If you have 32-bit application you want to run from the Command Prompt then you need to use the WOW64 version of cmd.exe. At the Start Menu select Run and enter the following command. Note that the %systemroot% variable points to your Windows folder so this will work even if Windows is not installed on C: drive:

%systemroot%\SysWOW64\cmd.exe

If your application won't run under Windows 64-bit then try XP Mode, Windows Virtual PC, or other virtualization solution. Be aware that XP Mode reduces your system security and so it should be used as a last resort.

How can I tell if my application is 32-bit or 64-bit?

There are a number of indicators of the bit type for your program but they are not definitive as you will see if you use guidelines like the following.

  • Windows installs your programs to these folders on your system drive:
    • '\Program Files' for 64-bit programs
    • '\Program Files (x86)' for 32-bit programs
  • In Task Manager, 32-bit processes will usually have a suffix of '*32' and 64-bit processes will not.

The reason that these indicators cannot be relied upon relates to the way 64-bit Windows installs software. 64-bit install packages usually install 64-bit applications or a mixture of 32- and 64-bit components but can even install only 32-bit components.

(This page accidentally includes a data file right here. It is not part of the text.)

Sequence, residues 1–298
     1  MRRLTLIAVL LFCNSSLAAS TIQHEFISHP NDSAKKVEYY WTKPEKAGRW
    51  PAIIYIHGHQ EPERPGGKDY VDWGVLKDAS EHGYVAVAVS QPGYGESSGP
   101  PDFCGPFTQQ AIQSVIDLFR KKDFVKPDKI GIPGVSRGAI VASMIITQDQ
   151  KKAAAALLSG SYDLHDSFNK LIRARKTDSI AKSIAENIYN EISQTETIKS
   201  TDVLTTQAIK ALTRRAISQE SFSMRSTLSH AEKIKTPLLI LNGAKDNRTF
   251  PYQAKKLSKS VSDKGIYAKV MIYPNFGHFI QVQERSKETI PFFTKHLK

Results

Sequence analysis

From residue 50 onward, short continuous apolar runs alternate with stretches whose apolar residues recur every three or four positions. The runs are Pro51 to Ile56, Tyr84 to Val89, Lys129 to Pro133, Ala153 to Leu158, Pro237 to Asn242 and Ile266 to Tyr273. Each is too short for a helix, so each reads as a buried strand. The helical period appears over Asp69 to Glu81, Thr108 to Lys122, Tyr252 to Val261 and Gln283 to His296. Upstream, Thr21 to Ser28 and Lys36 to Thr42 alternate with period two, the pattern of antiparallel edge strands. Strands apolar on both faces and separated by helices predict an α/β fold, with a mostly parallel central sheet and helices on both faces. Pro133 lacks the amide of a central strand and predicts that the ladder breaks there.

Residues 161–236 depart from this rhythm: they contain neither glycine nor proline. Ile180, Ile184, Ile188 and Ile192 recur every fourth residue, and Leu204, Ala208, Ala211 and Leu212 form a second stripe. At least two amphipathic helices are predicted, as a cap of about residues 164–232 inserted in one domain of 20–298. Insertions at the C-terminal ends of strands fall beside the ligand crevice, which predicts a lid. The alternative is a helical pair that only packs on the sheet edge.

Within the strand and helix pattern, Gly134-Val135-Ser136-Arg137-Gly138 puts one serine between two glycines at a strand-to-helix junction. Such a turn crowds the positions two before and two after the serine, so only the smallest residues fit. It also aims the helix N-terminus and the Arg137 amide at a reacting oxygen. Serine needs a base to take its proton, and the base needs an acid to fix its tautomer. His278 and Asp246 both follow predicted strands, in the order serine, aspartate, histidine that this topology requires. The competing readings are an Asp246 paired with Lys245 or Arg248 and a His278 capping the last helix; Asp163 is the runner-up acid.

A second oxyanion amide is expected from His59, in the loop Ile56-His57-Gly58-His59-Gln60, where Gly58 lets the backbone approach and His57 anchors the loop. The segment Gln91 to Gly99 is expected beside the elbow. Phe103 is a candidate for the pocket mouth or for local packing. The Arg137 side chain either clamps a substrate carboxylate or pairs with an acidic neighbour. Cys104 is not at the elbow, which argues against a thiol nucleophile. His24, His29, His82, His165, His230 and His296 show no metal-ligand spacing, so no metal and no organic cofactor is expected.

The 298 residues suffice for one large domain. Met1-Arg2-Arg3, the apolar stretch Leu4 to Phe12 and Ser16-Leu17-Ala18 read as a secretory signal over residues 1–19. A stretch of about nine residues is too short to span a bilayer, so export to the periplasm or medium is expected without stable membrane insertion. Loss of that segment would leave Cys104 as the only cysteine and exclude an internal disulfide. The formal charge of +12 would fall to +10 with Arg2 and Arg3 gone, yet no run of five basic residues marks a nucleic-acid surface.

What determines where a component is installed is the registry setting for that component rather than the setting for the install package. Windows also assumes that all components are 32-bit unless told otherwise. This means that a 64-bit component not flagged as 64-bit will install to 32-bit folders and 32-bit registry keys but will execute as 64-bit.

You can, with the necessary knowledge, find the information yourself but there are better solutions:

  • Run a system information or audit tool such as one of these at Best Free System Information Utility. Just be aware that most of these types of applications are helpful but not definitive e.g. SIW, MSINFO.
  • Windows 64-bit Task Manager indicates 32-bit applicationsIf the software is running then you can use the Task Manager: As shown in the example screenshot, 32-bit processes are usually indicated with "(32-bit)" beside the name in Windows 8 or "*32" in Windows 7.